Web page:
Next, 1.0 g of a 10% aqueous solution of 2,2'-azobis(2amidinopropane) hydrochloride was added thereto, and polymerization was conducted with stirring at 50 C. for 10 hours to obtain a polymer in the form of fine particles dispersed in the salt aqueous solution.

The viscosity of this product was 960 cp at 25 C., and the viscosity of the 0.5% polymer in a 1 N sodium sulfate aqueous solution was 15.0 cp.

COMPARATIVE EXAMPLE 1

In the flask used in Example 1 were placed 112.5 g of ammonium sulfate and 337.5 g of deionized water, to form a solution. Afterward, 35.1 g (90 mole %) of acrylamide and 14.9 g (10 mole %) of acryloyloxyethyldimethylbenzylammonium chloride were added thereto, the flask was heated up to 50 C. and atmosphere in the flask was replaced with nitrogen.

Next, 1.0 g of a 1% aqueous solution of 2,2'-azobis(2amidinopropane) hydrochloride was added thereto, and polymerization was conducted with stirring at 50 C. for 10 hours to obtain a polymer in the form of dispersed particles having a particle diameter of 2 to 3 mm. However, after one night's standing, the dispersed particles of the polymer stuck to each other to grow into a mass and did not disperse again. The reason is that the dispersant used in Example 1 was not used herein.

COMPARATIVE EXAMPLE 2

In the flask used in Example 1 were placed 335 g of deionized water and 2.5 g of a homopolymer of acryloyloxyethyltrimethylammonium chloride as dispersant. Afterward, to the solution mixture were added 35.1 g (90 mole %) of acrylamide and 14.9 g (10 mole %) of acryloyloxyethyldimethylbenzylammonium chloride, heating was applied up to 50 C. and the atmosphere in the flask was replaced with nitrogen. Next, 1 g of a 2,2'-azobis(2 amidinopropane) hydrochloride aqueous solution was added thereto as a polymerization initiator, and polymerization was then performed. At this time, instead of the deposition of a polymer, a transparent mass was formed.

EXAMPLE 10

With regard to the products of the present invention prepared in the above-mentioned examples and a commercially available powdery product, times necessary to completely dissolve in water were measured and compared.

The dissolution was conducted by a magnetic stirrer to make an aqueous solution of 0.2% of the polymer. The results are set forth in Table 1.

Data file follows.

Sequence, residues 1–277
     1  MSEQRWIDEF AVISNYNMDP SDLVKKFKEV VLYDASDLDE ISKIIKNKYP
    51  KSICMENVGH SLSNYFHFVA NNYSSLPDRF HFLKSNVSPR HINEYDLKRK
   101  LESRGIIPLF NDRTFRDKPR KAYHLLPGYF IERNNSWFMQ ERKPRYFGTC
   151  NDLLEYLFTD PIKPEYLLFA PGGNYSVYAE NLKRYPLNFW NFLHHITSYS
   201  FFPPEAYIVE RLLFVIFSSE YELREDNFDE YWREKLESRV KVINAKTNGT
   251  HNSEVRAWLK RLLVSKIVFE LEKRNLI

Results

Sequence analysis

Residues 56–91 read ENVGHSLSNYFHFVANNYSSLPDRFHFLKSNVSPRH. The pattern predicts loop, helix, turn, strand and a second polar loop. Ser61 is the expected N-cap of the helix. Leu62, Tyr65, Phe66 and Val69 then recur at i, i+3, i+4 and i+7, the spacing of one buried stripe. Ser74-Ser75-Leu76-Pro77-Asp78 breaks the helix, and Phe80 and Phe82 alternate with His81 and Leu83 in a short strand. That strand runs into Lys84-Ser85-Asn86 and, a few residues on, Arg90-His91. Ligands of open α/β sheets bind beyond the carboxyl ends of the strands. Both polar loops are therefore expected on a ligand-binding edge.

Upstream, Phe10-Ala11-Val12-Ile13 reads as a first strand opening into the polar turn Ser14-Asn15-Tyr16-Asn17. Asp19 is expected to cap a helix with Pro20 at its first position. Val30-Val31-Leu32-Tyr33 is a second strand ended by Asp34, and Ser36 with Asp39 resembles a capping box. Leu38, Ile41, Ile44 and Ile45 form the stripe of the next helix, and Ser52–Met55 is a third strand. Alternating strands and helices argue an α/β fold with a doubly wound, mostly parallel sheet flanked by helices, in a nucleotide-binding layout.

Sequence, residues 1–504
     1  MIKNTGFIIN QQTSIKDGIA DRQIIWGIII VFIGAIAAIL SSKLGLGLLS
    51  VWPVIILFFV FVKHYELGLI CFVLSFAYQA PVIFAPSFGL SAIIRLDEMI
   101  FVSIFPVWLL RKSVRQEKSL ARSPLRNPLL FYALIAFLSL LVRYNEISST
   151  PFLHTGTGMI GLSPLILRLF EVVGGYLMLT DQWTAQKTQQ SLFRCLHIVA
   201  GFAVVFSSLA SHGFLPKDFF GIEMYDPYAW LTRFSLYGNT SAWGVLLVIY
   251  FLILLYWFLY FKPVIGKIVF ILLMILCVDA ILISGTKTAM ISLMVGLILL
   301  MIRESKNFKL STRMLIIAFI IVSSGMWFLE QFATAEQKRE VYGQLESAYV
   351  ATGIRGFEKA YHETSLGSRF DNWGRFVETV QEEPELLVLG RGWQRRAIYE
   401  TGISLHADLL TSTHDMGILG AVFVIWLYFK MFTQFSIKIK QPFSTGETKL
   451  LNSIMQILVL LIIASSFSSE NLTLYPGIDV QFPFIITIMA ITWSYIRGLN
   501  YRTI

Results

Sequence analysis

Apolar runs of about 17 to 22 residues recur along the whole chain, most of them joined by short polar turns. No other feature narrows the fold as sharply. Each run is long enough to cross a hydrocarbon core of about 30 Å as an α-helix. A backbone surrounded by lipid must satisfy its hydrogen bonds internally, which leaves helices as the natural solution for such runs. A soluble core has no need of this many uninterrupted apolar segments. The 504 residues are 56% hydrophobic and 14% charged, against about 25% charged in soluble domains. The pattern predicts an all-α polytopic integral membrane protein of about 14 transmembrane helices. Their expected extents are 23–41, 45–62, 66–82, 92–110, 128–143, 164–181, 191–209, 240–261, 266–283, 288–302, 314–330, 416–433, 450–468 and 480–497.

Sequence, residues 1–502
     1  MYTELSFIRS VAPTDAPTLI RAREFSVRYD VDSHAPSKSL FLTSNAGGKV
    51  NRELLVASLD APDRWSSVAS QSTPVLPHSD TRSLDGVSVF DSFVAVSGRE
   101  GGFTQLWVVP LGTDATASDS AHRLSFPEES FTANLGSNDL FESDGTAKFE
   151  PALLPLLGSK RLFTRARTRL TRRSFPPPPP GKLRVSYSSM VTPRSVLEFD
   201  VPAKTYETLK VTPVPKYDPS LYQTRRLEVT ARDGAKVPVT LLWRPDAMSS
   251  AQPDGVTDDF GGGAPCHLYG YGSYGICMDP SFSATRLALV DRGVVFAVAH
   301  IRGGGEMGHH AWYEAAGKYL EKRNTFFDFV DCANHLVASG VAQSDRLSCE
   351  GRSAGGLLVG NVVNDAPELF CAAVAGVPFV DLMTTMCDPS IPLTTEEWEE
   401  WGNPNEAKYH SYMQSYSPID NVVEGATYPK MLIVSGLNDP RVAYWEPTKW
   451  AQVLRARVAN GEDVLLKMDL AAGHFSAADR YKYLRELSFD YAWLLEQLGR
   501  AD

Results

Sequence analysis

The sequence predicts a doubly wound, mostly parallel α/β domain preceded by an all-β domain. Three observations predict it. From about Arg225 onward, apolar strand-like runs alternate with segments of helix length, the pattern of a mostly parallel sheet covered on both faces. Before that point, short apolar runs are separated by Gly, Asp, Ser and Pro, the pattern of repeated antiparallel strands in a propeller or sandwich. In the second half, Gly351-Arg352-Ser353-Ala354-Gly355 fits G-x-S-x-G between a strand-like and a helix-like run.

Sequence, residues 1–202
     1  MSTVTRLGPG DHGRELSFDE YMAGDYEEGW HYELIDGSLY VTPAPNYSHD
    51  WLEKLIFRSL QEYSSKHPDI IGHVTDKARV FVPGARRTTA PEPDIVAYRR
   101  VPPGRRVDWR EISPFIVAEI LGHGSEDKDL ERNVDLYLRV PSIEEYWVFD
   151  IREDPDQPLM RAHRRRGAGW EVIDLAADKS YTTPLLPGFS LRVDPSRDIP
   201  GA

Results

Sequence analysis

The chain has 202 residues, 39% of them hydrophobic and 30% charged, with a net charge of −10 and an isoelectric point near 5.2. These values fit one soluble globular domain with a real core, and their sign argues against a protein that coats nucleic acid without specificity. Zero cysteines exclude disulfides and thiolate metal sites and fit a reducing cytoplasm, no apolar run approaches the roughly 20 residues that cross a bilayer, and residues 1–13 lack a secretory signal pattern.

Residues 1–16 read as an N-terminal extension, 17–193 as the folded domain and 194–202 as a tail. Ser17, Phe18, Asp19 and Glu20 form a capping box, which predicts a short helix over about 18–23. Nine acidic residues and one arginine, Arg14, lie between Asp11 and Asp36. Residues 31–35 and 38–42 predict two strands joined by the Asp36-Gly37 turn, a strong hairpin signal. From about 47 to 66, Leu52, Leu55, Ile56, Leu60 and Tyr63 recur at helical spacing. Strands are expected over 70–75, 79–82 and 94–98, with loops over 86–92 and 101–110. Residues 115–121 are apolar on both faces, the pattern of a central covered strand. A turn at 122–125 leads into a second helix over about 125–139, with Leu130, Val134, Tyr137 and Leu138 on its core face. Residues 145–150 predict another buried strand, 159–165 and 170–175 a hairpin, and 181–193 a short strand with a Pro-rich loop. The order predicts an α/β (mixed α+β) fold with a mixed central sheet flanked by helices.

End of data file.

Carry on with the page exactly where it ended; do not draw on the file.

TABLE 1______________________________________      Conc. of  Viscosity1                           Time NecessaryProduct Name      Polymer   of Solution                           for Dissolution______________________________________Example 1  10%       22.0 cp    20 minExample 2  15%       32.0 cp    20 minExample 3  10%       20.0 cp    20 minPowdery    95%       20.0 cp    60 minProduct2______________________________________ 1 The solution viscosity was a viscosity of the 0.5% polymer in the N sodium chloride aqueous solution. 2 The monomer composition of the powdery product was the same as in Examples 1 and 2.

Thus, it was found that the products regarding the present invention could be dissolved more rapidly as compared with the commercial powdery product.

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Classifications
U.S. Classification524/458, 524/460
International ClassificationC08F2/10, C08F2/16
Cooperative ClassificationC08F2/10
European ClassificationC08F2/10
Legal Events
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Sep 21, 2001FPAYFee payment
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Sep 30, 1997FPAYFee payment
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Nov 5, 1993FPAYFee payment
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Mar 20, 1990ASAssignment
Owner name: KYORITSU YUKI CO., LTD., 7-13-15, GINZA, CHUO-KU,